Argentina’s Knowledge Economy Law And How It Incentivizes Business

Argentina’s Knowledge Economy Law And How It Incentivizes Business
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Trading opportunities surfacing in Argentina are diverse, with high potential for success. The country’s dramatic geography and fundamental economic sectors support the fourth-largest economy in Latin America.

Business opportunities are prevalent in emerging industries such as renewable energy and technological development. The country’s consistent steps towards offering more attractive investment conditions are bringing in business. Now, Argentina is focusing on boosting its knowledge economy.

Argentina’s trading environment

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Argentina is a strong exporter of soybeans, animal feed, cereal, petroleum and gas, motor vehicles and parts. Massive traders with Argentina for these products are China, Brazil, the US and EU. The Latin American powerhouse is a founding member of the Association for Latin American Integration (ALADI), and has a free trade agreement with trade bloc MERCOSUR.

The country’s business prospects are looking up with recent government attempts to draw foreign direct investment (FDI) into the economy. This includes establishing Free Trade Zones, Special Customs Areas, exemptions from tax for certain exports, and investment incentives for SMEs and businesses in the mining industry.

Another such move affects what Argentina calls its ‘knowledge economy,’ encompassing creative industries that with regulatory support, boost the innovative and technological potential of the business environment.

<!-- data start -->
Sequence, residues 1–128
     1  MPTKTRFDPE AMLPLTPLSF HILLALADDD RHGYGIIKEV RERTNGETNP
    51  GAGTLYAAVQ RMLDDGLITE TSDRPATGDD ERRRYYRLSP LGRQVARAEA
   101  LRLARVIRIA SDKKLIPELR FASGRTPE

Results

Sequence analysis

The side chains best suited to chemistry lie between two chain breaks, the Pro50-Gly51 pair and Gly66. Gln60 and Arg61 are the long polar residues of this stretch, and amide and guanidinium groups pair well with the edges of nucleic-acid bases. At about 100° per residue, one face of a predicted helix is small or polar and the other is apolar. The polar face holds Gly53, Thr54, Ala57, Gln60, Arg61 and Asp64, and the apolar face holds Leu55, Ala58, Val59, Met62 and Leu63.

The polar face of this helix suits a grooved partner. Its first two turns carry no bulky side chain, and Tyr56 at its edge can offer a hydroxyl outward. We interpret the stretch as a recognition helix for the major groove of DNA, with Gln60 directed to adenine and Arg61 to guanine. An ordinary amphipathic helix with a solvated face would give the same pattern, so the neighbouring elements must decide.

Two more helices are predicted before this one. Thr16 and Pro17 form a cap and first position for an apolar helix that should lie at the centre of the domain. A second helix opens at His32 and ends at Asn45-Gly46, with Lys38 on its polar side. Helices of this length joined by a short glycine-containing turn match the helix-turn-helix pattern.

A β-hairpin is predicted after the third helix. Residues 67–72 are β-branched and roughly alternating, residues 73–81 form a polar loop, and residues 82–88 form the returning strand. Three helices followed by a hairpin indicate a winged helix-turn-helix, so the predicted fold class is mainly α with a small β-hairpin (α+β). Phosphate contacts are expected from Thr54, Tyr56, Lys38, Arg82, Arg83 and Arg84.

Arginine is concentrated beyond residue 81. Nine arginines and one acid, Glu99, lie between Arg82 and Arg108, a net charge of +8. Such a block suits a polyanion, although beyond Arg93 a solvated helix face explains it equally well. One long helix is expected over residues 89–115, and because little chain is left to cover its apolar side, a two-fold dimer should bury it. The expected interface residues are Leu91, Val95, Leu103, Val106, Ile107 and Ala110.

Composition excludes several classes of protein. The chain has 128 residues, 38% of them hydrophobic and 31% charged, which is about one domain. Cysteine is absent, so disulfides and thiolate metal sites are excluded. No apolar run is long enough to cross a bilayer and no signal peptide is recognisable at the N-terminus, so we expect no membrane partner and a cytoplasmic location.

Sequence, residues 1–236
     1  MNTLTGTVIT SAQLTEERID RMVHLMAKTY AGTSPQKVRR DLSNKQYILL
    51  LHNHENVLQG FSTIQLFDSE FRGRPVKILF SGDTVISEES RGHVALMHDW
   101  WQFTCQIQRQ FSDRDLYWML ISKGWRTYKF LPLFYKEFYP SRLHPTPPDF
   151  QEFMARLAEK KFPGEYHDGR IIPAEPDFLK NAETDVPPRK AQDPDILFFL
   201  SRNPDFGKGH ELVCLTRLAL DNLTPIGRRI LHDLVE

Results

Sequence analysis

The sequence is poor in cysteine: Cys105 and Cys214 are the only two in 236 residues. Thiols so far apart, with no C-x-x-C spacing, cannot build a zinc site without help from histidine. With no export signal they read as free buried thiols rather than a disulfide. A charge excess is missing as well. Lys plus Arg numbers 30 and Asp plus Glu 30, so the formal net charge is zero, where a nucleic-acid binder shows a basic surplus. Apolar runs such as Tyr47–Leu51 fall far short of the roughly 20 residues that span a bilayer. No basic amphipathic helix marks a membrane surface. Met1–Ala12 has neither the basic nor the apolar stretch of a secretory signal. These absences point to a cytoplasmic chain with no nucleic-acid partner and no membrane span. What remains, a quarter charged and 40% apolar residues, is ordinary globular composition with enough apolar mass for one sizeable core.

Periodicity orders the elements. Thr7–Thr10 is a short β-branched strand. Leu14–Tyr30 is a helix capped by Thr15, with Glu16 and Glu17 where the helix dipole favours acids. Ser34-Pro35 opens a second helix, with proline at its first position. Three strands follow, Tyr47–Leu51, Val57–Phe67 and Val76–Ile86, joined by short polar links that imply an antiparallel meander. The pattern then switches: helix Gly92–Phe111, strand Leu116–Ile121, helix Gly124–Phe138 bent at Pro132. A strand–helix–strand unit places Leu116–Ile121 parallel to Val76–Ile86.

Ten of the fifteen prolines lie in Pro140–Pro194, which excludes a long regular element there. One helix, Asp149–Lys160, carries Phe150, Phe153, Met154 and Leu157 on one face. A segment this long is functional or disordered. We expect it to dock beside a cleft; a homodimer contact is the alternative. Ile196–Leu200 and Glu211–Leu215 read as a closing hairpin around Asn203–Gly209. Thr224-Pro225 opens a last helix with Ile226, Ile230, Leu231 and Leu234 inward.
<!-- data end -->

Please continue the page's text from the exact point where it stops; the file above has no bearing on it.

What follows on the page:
What is the knowledge economy?

The knowledge economy includes activities such as the development and production of software, biotechnology, aerospace and satellite advancements, audiovisual technologies, and geological services and land exploration. Moreover, it covers industries related to electronics and communications, centers for exportation services, investigation and development,

This serves as an entry point into Argentina’s market and brings new skillsets and technological opportunities to its traditional sectors, creating potential for digital transformation and increased global competitiveness.

Law reform

On May 22nd, the National Congress approved Law 27.506 of the Promotion of the Knowledge Economy, also referred to as the Law of Software. The objective of the law is to “promote economic activities that stimulate (1) the knowledge and digitalization of information supported in scientific and technological advances and (2) the acquirement of goods, rendering of services and/or best practices.” In other words, it gives fiscal stability to more than 11,000 businesses and 215,000 direct and indirect jobs.

Benefits of the knowledge economy law

In order to take advantage of the benefits available under this law, those who comply with the established requirements and conditions must register with the “National Register of Beneficiaries of the System of Promotion of the Knowledge Economy.”

The benefits outlined in this regime include:

  • Fiscal stability: the beneficiaries will not be able to increase their national tax burden at the time of their application to the regime.